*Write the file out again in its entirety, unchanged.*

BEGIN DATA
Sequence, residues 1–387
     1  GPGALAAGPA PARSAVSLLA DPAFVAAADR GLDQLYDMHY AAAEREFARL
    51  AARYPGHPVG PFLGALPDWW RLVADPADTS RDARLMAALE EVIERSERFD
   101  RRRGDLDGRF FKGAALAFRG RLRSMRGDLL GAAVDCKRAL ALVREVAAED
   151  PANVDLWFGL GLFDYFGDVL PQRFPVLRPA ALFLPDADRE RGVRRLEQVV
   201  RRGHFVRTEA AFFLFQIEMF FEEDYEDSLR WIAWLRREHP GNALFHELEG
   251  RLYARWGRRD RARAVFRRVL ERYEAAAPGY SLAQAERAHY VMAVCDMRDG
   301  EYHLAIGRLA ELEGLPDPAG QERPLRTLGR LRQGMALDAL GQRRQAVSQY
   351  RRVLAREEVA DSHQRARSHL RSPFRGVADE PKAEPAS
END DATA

Sequence, residues 1–387
     1  GPGALAAGPA PARSAVSLLA DPAFVAAADR GLDQLYDMHY AAAEREFARL
    51  AARYPGHPVG PFLGALPDWW RLVADPADTS RDARLMAALE EVIERSERFD
   101  RRRGDLDGRF FKGAALAFRG RLRSMRGDLL GAAVDCKRAL ALVREVAAED
   151  PANVDLWFGL GLFDYFGDVL PQRFPVLRPA ALFLPDADRE RGVRRLEQVV
   201  RRGHFVRTEA AFFLFQIEMF FEEDYEDSLR WIAWLRREHP GNALFHELEG
   251  RLYARWGRRD RARAVFRRVL ERYEAAAPGY SLAQAERAHY VMAVCDMRDG
   301  EYHLAIGRLA ELEGLPDPAG QERPLRTLGR LRQGMALDAL GQRRQAVSQY
   351  RRVLAREEVA DSHQRARSHL RSPFRGVADE PKAEPAS